in partnership
SHe_Said_Jen Ayers Photo 3 by Jen Ayers.jpg
Photo by Jen Ayers

Seattle musician creates gender-crashing musical story 'SHe Said'

According to musician Jen Ayers, her latest production "SHe Said" is a gender-crashing musical story, featuring herself, Marc Kenison (aka "Waxie Moon"), a live band and a multimedia mashup of 70s animation, soul pop, glam rock and "The Moth" — all rolled into one. The show runs at Seattle’s Broadway Performance Hall from Oct. 6-9.

Ayers, a vocal dynamo, pianist, songwriter and recording artist, has always loved music. In fact, she ended up in piano lessons at age 5 because her mom woke up to her singing and playing "Hello Dolly" by ear.

"I sang all the time," Ayers says. "All day long. Still do. Music moves me in all ways. I sang in choir in high school, performed in musicals, and it was being on stage at 19 with my first band that I had the realization I wanted to make music and performance my life."

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She met her partner Graham on the first day of college, and they shared a love of music. Their first date involved walking through a snowstorm to see Led Zeppelin’s "The Song Remains the Same." They later married and moved to Seattle with dreams of starting a band.

"Graham wrote songs on guitar," she says. "I wrote songs on piano. Sometimes we’d come together to discover our two separate ideas made one perfect song. Honey Tongue was that dream band that we quit our day jobs for and took on the road across the country."

Eight years ago, life took a twist when her husband came out as transgender, which sent them on an unexpected journey of self-discovery as individuals and partners.

"Our mainstream, cisgender life was turned upside down, and it profoundly changed us," she explains. "I turned to my piano to cope, writing songs to help make sense of what I didn’t understand. I sorted out my feelings, asked questions and eventually found answers through my music."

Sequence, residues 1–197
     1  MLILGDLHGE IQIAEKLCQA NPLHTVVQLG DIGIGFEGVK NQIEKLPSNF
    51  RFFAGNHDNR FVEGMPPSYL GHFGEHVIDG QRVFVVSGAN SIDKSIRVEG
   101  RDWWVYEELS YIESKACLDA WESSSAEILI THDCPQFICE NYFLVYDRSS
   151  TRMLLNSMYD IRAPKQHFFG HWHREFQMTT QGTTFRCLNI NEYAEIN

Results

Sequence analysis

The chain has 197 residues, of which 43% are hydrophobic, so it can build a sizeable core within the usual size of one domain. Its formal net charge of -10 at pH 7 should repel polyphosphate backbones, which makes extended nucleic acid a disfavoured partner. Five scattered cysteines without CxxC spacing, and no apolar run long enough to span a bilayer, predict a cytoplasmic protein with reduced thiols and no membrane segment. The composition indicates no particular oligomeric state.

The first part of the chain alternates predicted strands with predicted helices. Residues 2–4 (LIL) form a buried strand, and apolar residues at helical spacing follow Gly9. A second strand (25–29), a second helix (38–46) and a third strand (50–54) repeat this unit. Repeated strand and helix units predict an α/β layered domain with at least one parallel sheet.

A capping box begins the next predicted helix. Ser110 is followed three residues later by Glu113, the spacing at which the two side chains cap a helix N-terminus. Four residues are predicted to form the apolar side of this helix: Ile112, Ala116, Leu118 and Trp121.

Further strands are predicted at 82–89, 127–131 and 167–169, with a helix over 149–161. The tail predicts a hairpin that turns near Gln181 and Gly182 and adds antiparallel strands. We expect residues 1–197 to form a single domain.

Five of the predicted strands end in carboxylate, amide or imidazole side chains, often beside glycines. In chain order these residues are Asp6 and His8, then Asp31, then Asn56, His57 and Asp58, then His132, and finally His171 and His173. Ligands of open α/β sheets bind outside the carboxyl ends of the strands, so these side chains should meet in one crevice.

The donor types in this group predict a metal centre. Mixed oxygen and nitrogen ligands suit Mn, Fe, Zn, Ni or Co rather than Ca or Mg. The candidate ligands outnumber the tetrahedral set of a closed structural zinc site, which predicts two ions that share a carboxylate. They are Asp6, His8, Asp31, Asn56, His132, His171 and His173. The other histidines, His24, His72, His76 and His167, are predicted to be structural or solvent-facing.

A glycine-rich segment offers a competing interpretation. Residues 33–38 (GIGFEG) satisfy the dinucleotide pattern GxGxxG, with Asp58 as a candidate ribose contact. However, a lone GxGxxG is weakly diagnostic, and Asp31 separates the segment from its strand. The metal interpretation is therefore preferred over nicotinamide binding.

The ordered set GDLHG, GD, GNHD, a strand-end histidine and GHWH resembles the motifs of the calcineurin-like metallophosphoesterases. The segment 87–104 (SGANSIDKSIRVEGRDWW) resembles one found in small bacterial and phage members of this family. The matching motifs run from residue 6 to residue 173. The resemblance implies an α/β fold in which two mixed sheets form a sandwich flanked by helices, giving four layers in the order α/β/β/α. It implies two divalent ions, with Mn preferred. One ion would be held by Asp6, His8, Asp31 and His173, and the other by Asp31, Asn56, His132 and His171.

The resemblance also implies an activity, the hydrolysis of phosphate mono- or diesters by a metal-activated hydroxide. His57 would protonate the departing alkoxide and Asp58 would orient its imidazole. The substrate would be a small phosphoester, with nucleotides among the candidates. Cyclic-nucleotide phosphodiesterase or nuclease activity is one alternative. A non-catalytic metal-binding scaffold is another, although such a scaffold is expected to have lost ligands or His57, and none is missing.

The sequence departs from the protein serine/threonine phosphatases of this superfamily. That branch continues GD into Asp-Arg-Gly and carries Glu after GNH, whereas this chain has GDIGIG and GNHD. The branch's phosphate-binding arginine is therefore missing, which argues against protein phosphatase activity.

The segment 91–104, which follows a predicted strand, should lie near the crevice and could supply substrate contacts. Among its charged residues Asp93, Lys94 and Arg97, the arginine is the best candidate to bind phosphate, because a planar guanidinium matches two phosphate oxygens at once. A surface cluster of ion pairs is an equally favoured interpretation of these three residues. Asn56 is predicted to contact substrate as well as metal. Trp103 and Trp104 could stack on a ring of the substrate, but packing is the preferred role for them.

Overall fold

This is when "SHe Said" came into the world.

Ayers had written and recorded albums before, but through the process of demo-ing these songs in her basement studio, she began working with her collaborator, writer/director Daryle Conners "to envision a more robust telling of the story beyond the music."

They both felt the story had a powerful, theatrical aspect to it, so they reached out to their friend Waxie Moon, a veteran one-person show/actor/performer to get their thoughts.

"The three of us sat around my dining room table together," Ayers recalls. "After listening to me tell stories with my songs interweaved, Waxie Moon said, 'I’m completely moved. This IS your show!'"

Ayers remembers the process of writing the songs for this project as 'completely cathartic' and her 'therapy.' Yet, her biggest challenge was writing the "SHe Said" script while living it.

"I needed to step away and just let life unfold for months at a time," she says.

They eventually began workshopping the project at her home and on-stage at The Royal Room for small groups of trusted artists, musicians and theater advisors — just Ayers at a piano playing, singing and telling stories. They planned to bring the show to the stage in early 2020, which was foiled by the pandemic.

So they switched gears and decided to record the album first and do the show second. Ayers asked Jeff Fielder (Mark Lanegan, Indigo Girls, Nancy Wilson) to produce it.